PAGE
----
Robert Bly, “Poem Against the British”

poetry

I
The wind through the box-elder trees
Is like rides at dusk on a white horse,
Wars for your country, and fighting the British.

II
I winder if Washington listened to the trees.
All morning I have been sitting in grass,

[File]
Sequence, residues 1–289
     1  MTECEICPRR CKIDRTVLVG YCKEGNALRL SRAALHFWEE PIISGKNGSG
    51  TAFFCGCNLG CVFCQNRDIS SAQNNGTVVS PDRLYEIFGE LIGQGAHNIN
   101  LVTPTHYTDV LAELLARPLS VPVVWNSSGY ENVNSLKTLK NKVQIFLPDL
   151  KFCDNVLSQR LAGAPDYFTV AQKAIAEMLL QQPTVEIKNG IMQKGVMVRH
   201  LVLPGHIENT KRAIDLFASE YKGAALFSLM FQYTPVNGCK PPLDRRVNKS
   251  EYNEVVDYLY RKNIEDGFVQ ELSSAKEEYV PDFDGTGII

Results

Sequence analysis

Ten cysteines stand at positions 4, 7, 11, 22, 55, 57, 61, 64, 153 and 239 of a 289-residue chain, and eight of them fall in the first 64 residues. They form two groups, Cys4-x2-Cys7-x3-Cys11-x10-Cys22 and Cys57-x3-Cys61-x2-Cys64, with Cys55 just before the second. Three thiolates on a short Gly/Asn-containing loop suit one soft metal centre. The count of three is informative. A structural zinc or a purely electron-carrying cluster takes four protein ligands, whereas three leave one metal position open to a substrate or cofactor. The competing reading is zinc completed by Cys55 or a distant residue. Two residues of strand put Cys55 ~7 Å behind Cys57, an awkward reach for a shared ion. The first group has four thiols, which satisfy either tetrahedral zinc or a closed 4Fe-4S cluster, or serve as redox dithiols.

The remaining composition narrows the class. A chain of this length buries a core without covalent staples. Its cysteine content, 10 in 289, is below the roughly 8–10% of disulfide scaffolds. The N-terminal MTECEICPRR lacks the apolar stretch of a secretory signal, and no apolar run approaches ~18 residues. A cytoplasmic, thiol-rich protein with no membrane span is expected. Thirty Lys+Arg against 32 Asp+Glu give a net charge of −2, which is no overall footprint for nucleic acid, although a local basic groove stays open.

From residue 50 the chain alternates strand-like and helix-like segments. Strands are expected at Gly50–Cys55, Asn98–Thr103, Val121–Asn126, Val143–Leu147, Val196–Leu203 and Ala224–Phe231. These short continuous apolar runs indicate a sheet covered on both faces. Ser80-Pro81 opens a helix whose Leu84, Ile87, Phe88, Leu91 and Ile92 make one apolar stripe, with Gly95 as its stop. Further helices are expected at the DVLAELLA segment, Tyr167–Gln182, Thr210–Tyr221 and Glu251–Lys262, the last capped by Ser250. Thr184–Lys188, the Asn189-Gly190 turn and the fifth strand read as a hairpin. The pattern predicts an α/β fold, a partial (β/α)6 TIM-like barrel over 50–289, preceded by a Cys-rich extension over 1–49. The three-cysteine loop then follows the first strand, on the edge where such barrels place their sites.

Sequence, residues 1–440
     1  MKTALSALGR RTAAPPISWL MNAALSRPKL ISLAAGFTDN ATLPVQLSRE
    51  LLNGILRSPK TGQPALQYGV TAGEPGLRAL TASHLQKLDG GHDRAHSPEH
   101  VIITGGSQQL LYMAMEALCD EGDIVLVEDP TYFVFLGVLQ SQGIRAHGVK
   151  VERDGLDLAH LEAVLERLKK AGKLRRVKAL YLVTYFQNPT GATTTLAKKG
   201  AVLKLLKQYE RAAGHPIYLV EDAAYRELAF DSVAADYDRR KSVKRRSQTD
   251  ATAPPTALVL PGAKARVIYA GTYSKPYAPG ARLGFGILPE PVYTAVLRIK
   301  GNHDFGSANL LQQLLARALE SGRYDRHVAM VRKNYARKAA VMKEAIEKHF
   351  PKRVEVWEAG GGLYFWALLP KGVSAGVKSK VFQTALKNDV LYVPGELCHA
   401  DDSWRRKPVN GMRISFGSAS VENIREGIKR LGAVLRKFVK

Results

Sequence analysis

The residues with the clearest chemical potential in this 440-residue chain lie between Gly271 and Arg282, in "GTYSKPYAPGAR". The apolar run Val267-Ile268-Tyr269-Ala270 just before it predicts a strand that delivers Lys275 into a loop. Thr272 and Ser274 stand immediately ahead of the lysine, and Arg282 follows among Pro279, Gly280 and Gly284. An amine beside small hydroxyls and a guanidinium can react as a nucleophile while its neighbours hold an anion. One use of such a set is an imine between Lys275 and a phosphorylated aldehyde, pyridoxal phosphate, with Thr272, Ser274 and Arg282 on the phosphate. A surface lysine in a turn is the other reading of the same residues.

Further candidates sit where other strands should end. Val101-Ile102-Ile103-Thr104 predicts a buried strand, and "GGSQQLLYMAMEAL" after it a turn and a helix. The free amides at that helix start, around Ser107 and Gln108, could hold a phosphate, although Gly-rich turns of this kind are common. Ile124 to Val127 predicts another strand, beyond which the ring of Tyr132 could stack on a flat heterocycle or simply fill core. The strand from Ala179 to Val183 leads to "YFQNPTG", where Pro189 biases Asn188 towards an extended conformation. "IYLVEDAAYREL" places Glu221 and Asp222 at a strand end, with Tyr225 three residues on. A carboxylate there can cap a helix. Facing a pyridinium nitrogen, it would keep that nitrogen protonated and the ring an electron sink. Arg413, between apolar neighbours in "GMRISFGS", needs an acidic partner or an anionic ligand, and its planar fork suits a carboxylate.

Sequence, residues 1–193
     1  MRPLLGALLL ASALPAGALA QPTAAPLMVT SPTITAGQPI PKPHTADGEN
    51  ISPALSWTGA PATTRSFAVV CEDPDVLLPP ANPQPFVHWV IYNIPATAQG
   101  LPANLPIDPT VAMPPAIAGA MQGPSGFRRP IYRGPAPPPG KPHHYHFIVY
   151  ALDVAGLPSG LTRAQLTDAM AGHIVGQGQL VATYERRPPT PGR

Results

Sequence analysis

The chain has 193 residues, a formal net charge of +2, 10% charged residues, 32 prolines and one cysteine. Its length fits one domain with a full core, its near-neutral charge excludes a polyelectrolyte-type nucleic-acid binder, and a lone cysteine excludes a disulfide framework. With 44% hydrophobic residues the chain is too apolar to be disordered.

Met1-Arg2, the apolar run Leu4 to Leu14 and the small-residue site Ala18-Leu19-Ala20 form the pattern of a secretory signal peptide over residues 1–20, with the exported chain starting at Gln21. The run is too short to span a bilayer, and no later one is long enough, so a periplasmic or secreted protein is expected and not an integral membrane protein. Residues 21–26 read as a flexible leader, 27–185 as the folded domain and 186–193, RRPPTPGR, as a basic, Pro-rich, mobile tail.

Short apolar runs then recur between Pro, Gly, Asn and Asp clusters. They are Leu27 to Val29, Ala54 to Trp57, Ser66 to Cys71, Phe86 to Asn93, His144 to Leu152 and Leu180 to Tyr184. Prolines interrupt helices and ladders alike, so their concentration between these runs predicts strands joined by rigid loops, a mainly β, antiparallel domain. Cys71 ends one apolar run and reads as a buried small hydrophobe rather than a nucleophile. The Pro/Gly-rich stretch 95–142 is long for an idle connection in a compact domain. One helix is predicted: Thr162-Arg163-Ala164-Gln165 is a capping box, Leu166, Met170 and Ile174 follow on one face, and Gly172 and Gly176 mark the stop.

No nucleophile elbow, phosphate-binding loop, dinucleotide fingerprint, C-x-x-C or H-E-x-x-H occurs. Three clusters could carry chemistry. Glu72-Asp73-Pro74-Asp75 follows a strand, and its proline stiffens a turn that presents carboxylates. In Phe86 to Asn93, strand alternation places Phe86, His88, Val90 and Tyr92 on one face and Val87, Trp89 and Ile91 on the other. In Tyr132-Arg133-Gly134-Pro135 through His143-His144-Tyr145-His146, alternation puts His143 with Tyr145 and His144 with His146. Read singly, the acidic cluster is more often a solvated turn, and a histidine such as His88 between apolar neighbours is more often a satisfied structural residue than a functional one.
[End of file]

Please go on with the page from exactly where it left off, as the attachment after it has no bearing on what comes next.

Higher than my eyes, beneath the trees,
And listening upward, to the wind in the leaves.
Suddenly I realize there is one thing more:
There is also the wind through the high grass.

III
There are palaces, boats, silence among white buildings,
Iced drinks on marble tops, among cool rooms;
It is good also to be poor, and listen to the wind.

From Silence in the Snowy Fields.
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